For the sake of this article we are going to assume that both of our athletes have zero red flags, no pain, no previous injury history, and no reason to refer them to a medical practitioner.
More times than not, we see two different types of athletes – one athlete that is a modern-age ‘Gumby’ and another that is stiffer than every barbell in the weight room. Both can perform adequately in their respective sports, but both present glaring neural deficits.
Our Gumby kid is a wet noodle. During the warm up, they can sit their butt to the ground and during the lying leg kicks they can lick their patella. Clearly this athlete needs MORE motor control over their passive ranges of motion.
Our other athlete is so stiff it hurts to see them squat, and they can barely raise their leg off the floor during the lying leg kick. This kid has so much neural tone that their motor patterns lock up.
However, when you put both of these athletes on the track, they put up some decent laser times. Why is that?
Your central nervous system (CNS) can play some pretty gnarly tricks on you. Neural tone, reciprocal inhibition and Golgi tendons telling your body “no, no, no!” They come at the least expected times, and can really throw a damper on athletic performance.
So, what do you do?
If you read part one to this series then you’ve already conducted your passive and active assessments and know where your athlete has deficiencies, and you’ve introduced your athlete to CARs to help build motor control to their limbs and joint movements.
Okay, so now what do you do?
PAILS and RAILS
Progressive and Regressive Angular Isometric Loading, better known as PAILs and RAILs are a series of isometric contractions that give force inputs to joint structures, as well as your central nervous system, that help expand one’s current range of motion.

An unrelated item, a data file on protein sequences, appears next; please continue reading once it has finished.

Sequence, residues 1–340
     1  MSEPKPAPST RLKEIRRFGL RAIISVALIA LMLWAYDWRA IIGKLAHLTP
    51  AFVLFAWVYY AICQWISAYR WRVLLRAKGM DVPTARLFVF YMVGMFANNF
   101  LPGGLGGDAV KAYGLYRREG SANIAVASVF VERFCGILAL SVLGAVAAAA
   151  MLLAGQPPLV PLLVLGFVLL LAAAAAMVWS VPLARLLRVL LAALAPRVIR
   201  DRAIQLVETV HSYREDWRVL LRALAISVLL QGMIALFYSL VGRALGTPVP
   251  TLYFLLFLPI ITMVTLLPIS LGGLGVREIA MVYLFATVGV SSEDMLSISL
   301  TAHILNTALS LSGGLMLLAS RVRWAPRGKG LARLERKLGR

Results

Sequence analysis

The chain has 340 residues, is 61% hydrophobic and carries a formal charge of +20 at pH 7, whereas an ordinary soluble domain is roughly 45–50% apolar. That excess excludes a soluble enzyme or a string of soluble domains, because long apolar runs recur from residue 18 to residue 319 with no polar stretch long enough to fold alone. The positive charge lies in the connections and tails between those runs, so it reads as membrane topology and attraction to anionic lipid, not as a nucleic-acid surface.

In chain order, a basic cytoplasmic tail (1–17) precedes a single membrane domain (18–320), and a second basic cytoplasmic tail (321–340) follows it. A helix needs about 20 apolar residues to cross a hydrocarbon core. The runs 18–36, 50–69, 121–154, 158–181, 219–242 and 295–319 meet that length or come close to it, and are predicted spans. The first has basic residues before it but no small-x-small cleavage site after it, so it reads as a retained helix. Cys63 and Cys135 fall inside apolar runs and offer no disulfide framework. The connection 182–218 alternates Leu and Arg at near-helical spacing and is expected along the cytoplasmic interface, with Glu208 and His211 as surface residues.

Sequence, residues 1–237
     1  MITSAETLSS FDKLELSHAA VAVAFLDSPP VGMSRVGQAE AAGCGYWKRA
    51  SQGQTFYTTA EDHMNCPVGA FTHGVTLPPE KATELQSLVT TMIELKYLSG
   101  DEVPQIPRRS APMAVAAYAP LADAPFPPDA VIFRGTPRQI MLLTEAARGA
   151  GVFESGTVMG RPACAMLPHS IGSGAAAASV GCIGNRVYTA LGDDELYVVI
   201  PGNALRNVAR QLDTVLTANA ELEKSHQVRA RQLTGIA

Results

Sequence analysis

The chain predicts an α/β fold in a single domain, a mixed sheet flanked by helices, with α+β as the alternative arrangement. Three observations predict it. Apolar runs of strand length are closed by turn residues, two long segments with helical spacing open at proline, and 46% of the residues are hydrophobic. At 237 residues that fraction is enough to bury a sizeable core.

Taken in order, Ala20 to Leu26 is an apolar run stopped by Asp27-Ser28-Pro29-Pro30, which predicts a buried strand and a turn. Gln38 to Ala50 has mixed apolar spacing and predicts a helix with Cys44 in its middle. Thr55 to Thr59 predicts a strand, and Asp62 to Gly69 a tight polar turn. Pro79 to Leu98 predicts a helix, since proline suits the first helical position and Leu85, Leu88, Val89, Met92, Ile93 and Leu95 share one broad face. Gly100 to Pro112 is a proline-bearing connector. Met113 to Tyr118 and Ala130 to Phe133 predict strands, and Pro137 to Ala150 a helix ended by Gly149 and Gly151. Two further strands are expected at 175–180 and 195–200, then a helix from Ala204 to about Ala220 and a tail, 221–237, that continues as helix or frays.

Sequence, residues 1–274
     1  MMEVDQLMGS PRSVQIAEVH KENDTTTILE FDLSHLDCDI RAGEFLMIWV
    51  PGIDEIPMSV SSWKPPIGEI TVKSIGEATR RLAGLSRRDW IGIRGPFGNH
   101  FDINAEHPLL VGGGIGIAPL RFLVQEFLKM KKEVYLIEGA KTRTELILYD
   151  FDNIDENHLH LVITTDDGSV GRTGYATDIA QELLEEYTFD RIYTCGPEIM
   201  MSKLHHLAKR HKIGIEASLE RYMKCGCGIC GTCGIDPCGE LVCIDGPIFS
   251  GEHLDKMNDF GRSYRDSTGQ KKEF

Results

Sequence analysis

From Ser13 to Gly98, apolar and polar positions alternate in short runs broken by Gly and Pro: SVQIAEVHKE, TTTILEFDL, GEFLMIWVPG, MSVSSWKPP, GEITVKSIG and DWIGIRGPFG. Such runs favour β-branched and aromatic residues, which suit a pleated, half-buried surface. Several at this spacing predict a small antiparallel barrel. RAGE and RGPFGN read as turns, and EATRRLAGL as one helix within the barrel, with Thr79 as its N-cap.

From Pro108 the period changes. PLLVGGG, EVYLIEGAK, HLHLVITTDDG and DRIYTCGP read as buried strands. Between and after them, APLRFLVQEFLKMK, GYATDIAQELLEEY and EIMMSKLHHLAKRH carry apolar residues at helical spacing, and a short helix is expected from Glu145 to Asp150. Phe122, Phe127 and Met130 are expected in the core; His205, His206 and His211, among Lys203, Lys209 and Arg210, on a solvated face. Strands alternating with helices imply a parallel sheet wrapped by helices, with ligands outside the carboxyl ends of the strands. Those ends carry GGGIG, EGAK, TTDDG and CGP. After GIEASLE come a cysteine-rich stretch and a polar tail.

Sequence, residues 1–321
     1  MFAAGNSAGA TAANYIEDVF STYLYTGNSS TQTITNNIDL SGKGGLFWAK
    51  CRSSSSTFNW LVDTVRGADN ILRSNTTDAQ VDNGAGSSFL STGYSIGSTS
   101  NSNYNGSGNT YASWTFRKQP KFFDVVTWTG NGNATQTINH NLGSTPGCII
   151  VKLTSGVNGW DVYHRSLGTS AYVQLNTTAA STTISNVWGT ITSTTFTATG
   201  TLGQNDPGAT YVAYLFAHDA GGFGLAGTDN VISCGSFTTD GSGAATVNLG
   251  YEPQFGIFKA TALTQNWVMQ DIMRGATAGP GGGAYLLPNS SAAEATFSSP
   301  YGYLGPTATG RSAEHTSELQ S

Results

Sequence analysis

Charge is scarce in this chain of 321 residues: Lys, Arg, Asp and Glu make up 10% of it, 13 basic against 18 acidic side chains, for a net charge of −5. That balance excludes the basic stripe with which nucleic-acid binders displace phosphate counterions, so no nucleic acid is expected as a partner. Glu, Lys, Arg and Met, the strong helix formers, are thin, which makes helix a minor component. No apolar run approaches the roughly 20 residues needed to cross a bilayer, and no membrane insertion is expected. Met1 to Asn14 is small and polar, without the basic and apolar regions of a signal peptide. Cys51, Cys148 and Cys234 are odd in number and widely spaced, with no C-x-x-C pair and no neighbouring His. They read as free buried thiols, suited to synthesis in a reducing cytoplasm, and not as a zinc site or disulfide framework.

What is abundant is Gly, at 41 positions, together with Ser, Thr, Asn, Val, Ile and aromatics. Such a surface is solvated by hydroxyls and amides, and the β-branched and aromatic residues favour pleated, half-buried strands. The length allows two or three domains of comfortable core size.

Understanding a PAILS Contraction
Whether you call them PAILS, RAILS, PNF, Contract-Relax, they all work around the same principles of short-term maneuvering of the CNS. The force input from the isometric contraction allows for a reduction in the stretch reflex that is inhibiting the joint from expanding further in to a larger range of motion.
Reminder: We are assuming, for the sake of this article, that this individual has no bony-blocks, no damaged connective tissue, and no reason to refer out to a medical practitioner.
Setting Up for Your First PAILS Contraction
Remember in the first part of this series when I said that passive flexibility played a major role in range of motion? It’s coming back again.
Let’s say that I am trying to improve my hip internal rotation. I currently measure at 5 degrees and I need more internal rotation to improve my ability to squat, flex at the hip, and cut laterally, cool? Cool.
To start your PAILS contraction, you need to passively set up in a position that drives hip internal rotation. This is where your passive ‘flexibility’ comes in to use.
Setting Up in Regressed Hip IR Position
Lets flip the coin real quick, maybe I am part Gumby and have 30 degrees of hip internal rotation and I need to learn how to control that awesome range of motion. Isometrics can help me do that, too. I might just set up in a little more challenging position like this:
90/90 Hip IR
The force inputs from the isometric contractions, while in my greater passive range of motion, is going to strengthen the connective tissue in that position. Range of motion gains!